Ralph Burns: I think we’re grayish, whitish hat, which is gray hat is what they used to call it in the SEO world. You take what Facebook tells you to do, but you apply it in a real-world setting, because results speak louder than what your rep might be telling you. Still, take what your rep or your partner manager tells you, and apply it, test it, figure out how it works best. That’s what we try and educate you all here on, not only how Facebook wants you to do it, but what are the real world applications of it.
Ralph Burns: Hopefully we’ll explain a little bit of that today in today’s show.
Molly Pittman: Totally, and Ralph I think when I was speaking to that, really what I was meaning … I see a lot of people who, for example, will go create a new campaign and they make a decision about the objective. They’re immediately thinking about how can I go around Facebook’s algorithm, right? How can I hack it with this type of bidding together to force Facebook to give me these results?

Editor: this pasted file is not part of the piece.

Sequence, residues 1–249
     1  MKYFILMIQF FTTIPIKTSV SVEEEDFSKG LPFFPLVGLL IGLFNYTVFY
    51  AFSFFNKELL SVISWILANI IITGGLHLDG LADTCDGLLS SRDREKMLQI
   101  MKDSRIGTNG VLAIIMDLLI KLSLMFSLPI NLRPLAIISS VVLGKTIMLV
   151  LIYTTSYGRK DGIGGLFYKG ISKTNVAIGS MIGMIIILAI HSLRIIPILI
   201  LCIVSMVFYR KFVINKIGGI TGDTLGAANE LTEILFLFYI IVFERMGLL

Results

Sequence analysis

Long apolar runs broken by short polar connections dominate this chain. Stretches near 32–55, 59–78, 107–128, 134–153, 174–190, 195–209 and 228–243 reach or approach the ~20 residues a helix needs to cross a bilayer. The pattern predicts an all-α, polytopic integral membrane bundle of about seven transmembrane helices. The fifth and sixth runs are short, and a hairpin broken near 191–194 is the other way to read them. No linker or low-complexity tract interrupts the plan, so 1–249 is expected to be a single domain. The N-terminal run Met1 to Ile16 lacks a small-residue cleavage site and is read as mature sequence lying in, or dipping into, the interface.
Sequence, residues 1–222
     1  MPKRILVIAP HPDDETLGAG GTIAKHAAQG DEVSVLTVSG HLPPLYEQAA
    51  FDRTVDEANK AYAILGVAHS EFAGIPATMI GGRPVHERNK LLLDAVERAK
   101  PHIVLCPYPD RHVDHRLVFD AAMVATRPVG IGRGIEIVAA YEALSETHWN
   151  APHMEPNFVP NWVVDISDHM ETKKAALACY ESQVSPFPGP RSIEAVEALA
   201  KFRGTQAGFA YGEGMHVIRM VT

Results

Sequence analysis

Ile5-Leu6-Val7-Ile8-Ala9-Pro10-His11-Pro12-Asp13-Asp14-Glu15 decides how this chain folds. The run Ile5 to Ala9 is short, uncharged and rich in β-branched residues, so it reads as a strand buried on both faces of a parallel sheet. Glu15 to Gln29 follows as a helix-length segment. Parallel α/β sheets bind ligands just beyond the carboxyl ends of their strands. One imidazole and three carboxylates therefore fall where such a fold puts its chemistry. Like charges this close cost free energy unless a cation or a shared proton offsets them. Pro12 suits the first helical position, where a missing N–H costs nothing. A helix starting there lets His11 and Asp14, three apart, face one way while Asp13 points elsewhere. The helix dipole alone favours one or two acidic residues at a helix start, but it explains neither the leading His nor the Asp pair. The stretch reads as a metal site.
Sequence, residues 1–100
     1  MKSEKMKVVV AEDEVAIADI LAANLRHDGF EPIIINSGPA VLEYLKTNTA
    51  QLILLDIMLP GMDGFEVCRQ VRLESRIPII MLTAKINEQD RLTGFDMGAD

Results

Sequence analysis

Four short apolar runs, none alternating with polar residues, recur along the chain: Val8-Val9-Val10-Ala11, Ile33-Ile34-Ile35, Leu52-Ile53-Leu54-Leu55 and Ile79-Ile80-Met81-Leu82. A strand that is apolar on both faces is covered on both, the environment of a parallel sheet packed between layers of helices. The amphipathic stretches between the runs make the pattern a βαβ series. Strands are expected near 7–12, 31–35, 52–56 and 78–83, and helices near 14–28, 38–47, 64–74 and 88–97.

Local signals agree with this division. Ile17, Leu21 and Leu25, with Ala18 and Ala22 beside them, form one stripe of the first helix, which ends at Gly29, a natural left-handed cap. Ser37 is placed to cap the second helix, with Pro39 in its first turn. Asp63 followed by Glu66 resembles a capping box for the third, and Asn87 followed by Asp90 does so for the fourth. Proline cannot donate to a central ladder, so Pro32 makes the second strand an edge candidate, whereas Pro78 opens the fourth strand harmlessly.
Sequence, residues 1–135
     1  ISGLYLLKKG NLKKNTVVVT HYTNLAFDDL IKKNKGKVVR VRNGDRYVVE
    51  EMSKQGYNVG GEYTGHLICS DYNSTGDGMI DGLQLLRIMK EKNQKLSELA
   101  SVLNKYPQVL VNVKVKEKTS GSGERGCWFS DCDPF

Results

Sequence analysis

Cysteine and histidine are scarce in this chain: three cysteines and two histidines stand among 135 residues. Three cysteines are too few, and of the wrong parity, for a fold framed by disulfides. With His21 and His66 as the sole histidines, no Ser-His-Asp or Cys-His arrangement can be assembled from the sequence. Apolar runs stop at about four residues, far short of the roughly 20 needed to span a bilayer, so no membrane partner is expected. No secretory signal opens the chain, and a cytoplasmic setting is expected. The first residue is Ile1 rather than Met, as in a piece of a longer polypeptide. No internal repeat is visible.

Molly Pittman: I think there’s a lot of common sense that comes with a lot of this is what I was saying. With Facebook getting smarter, we don’t have to do as much forcing of Facebook to get the reach and the things that we want, just because the platform’s a lot more developed than it was many years ago.
Ralph Burns: Yeah, for sure, and I think one of the most interesting developments is what you talked about back on episode 183 and 184 is a new tool to use called campaign budget optimization. Like we said in that episode, we didn’t really know how to use it at first. We’ve figured out how to use it over time, but I think the more you use something and the more you get iterative learnings of it, you refine it and get better and better at it and produce the results that you’re looking for.